Mauricio Kagel, an Argentinian-German composer who passed less then a decade ago, was a pioneer of the hardly official genre Theatre Music. Most of his compositions are a journey through absurd scenarios and surreal situations. Although he did compose traditional music as well, he is mostly known for pieces which deal with the surroundings of music more than with music itself. The result is often both amusing and disturbing – therefore I was not surprised to find out while reading about him, that he was a true intellectual, a man of values and rare wisdom. Kagel, who was brought up in a Jewish family and raised in Argentina, immigrated to Germany 12 years after the end of the war. When asked about this transition and those first years in post-war Germany, he often talked about art and cultural achievements as being the only ones capable of outlasting the horrific events of the past.
His works are widely interpreted as dealing with communication and social identities, and often have very little to do, if at all, with traditional instruments. A few years ago I had my first experience with Kagel, performing Pas de cinq (1965) with my fellow IEMA musicians:
Following the score, we each had to invent for ourselves a new identity. No more: “Hi, my name is Daniela and I’m a cellist”. We each had to posses a character; and this character had to hold a stick. You might recognise me in the picture – I turned myself into a devoted hiker. Then we had to build our stage: a pentagon shaped structure made of a variety of materials we chose – materials which would become our musical instruments.
The score is written for five performers. Each performer is given a starting point on the pentagon structure, and a lane to walk on – something like a map. Rhythmical patterns are given to each performer; using two feet and a stick, the performers need to walk their path while playing their parts. Percussive sounds are made when the performers step on the materials covering the floor. I played the piece with Alex (who normally plays the bassoon), Rike (trumpet), Ashleigh (viola) and Yutaka (violin). As instructed, we interacted on stage, allowed our invented characters to communicate and affect each other while playing our individual parts. Working on this piece was one of the most surprising challenges I ever enjoyed. We performed Pas de cinq in several venues, but unfortunately no video documentation was made.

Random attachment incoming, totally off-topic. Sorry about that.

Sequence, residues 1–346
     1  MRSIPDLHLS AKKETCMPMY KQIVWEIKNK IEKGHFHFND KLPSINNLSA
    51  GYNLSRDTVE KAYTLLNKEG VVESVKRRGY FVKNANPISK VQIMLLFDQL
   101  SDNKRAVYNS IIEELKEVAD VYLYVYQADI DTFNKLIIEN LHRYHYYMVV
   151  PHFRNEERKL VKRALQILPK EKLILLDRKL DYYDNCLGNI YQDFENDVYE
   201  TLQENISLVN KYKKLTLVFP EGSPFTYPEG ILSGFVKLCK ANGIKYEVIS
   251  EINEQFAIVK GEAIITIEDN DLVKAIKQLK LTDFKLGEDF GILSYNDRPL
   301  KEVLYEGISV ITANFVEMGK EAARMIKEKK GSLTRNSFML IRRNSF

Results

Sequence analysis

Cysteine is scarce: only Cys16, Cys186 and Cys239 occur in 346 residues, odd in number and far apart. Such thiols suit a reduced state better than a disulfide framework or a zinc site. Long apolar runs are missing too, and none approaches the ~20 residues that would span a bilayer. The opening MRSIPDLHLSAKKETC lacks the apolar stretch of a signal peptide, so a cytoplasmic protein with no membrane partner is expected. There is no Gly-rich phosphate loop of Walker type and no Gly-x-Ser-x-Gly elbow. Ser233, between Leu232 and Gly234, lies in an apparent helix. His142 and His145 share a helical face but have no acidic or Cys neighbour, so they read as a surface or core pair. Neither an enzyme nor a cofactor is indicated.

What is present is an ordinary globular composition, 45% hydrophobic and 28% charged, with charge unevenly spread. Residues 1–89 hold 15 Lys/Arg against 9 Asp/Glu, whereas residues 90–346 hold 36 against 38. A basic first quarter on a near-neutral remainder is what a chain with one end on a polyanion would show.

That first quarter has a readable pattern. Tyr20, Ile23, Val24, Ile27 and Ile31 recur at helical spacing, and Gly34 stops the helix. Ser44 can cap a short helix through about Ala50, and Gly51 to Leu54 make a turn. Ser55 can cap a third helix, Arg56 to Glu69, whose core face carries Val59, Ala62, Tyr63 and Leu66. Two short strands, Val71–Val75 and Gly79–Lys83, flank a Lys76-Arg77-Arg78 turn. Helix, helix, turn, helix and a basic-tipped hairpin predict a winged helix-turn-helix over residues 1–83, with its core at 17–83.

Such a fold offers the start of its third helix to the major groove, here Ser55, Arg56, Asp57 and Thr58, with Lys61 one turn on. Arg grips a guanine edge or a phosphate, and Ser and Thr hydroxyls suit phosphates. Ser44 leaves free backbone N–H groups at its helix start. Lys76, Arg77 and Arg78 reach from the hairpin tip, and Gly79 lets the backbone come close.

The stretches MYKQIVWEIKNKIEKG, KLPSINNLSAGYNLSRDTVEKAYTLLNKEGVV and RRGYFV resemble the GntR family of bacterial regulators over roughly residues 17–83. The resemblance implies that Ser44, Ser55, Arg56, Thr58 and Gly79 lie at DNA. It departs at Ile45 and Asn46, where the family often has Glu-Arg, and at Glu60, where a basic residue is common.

I love this performance by Ensemble Intercontemporain (though I do think there is more place for humour than given here):
Pas de cinq is a work which deals with structures, rhythms, sounds, noises; it uses traditional music writing, choreography and theatrical instructions to create a scenario, which can be interpreted with vocabularies of different disciplines. This is true for so many of Kagel’s pieces, which is probably why his span of work is often considered as communication-related experiences.
In a conversation with Max Nyffeler, Kagel talks about his sceptical feeling towards interviews. With great sensitivity, he describes the difficulties of human communication:
“A lot of trust is needed to talk about oneself seriously, and one can’t just produce this trust at the drop of a hat. If one wants to go into the reason for things, then one needs time, and even more than that: one needs to forget that time is steadily ticking by. In almost every conversation there are natural barriers to overcome. For instance, Stravinsky’s interviews with Robert Craft are interesting because Craft managed to get Stravinsky to enhance serious insights yet further with his wonderful sense of humour. And it really doesn’t matter that the conversations were edited afterwards. To publish the original statements without editing is a sin, because the written word calls for a concentration of discursive that isn’t at all necessary when one is talking. Trust can probably only arise when one meets often, and the conversation is intellectually stimulating for both partners. And of course, fairness comes into it too.”
I must agree – talking to people is not always simple. Even though some people might find it easier than others, a conversation is always, and inevitably, a potential failure: a failure to truly understand the person with whom we are talking. In his work, Kagel plays with the fascinating tension between communication and identity. Works like Pas de cinq make you dive into such thoughts because of their absurdity; because they throw you into a strange world where communication becomes a question of creativity.
It’s like having a conversation without first choosing the language.